INDIANAPOLIS (WISH) – If you have heard yourself saying “excuse me” or asking “can you say that again?” a lot more during the pandemic, you’re not alone.
Doctors are finding that more people are reporting having trouble hearing people while wearing face coverings.
“In my clinic I have seen a 20% increase in the number of patients seeking help for hearing loss,” said Dr. Rick Nelson, an Otolaryngologist at Indiana University Health.
Dr. Nelson adds that of those 20% almost all have been diagnosed with hearing loss, which is something that happens over time most often correlated with age.
25% of those 65 and older suffer from hearing loss and that number jumps to 50% for those over 70 years old.
Dr. Nelson also says the loss can happen at any age with loud noise being one risk factor.
Without the pandemic and having to wear a mask, Dr. Nelson says it’s possible some people may have adapted, prolonged testing or may not have even noticed.
“I think the masks do a couple things. One is they muffle the speech that people are producing so not only does it decrease the volume but it decreases some of the speech frequencies that we want to hear. And then two, one of the cruxes is the visual input we get from looking at someone’s face and looking at their lips while they’re talking,” he adds.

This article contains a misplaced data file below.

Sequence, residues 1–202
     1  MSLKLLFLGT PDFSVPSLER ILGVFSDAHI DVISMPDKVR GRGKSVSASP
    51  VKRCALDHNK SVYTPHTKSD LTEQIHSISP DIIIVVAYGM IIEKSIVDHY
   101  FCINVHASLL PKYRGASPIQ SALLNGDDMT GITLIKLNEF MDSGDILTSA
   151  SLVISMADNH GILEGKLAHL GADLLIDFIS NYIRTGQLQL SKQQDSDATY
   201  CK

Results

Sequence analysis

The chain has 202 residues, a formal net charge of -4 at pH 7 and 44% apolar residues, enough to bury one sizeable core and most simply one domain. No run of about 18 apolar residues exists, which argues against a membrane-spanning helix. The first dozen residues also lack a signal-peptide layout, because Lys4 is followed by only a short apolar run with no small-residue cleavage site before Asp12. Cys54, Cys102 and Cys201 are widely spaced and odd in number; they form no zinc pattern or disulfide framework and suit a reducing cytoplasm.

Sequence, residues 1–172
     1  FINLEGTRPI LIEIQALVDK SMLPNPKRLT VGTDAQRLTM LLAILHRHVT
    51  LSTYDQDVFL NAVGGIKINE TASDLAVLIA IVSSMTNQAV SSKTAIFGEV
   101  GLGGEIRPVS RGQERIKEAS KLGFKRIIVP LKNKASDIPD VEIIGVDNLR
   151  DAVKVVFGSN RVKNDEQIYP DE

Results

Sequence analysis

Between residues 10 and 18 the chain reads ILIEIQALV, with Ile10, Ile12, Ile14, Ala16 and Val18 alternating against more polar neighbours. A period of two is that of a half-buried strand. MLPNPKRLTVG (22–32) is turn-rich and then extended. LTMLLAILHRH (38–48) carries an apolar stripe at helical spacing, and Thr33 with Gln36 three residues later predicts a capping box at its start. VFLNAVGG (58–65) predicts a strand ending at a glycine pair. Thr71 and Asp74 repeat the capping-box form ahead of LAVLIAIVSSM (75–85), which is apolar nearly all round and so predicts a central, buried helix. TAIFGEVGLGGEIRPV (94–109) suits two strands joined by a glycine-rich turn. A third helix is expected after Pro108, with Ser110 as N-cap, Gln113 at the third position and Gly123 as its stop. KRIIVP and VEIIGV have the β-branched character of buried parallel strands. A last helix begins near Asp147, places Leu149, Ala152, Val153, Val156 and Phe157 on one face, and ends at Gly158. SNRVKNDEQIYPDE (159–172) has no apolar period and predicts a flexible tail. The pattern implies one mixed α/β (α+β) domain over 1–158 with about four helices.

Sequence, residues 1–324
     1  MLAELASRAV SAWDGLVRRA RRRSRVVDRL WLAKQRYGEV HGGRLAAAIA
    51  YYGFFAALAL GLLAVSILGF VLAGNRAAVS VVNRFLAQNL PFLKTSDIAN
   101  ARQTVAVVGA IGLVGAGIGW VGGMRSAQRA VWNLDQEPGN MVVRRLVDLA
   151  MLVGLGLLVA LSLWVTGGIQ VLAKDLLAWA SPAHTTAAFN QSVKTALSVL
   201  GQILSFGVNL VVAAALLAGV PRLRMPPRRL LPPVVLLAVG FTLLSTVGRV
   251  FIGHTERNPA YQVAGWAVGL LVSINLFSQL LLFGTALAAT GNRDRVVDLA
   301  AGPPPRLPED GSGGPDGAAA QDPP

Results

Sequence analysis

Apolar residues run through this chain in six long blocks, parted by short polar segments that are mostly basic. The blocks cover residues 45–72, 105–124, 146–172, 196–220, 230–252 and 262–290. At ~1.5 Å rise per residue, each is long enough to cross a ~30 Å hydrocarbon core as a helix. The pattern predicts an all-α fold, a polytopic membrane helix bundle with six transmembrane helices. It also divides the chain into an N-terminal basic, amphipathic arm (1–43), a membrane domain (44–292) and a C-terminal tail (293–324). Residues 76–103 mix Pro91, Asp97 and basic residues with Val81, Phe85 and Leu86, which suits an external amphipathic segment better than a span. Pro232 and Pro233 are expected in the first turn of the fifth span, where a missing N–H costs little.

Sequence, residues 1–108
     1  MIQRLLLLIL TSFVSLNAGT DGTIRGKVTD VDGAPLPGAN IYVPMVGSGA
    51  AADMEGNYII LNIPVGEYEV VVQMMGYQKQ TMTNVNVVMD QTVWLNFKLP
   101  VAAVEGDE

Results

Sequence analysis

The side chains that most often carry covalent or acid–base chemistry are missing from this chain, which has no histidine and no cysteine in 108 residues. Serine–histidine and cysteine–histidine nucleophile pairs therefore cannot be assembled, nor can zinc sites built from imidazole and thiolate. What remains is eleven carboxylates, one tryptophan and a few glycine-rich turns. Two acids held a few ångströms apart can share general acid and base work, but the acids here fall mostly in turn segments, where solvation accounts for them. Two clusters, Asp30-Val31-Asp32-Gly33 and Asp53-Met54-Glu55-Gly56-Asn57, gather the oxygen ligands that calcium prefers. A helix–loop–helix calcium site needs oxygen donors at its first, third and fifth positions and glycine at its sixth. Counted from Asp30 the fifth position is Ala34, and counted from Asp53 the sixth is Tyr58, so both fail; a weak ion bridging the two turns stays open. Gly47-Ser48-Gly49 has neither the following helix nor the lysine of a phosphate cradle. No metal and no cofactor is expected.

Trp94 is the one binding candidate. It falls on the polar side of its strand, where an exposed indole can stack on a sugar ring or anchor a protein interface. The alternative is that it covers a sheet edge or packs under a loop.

If left untreated hearing loss can cause people to disengage with family or the community out of fear their problem will be noticed. So, how can a person tell if the mask is to blame for hearing problems or if it’s hearing loss?
Dr. Nelson advises to sit in a quiet room and have a conversation with someone wearing a mask or telephone a friend who isn’t wearing one. If you can’t hear the person in the room or on the other end of the line, he says it’s time to get a hearing test.
“Some people are scared a hearing test will lead to a hearing aid, but I tend to think patients should have all the information available to them,” said Dr. Nelson.
He also says hearing tests are painless and takes about 20 minutes to complete.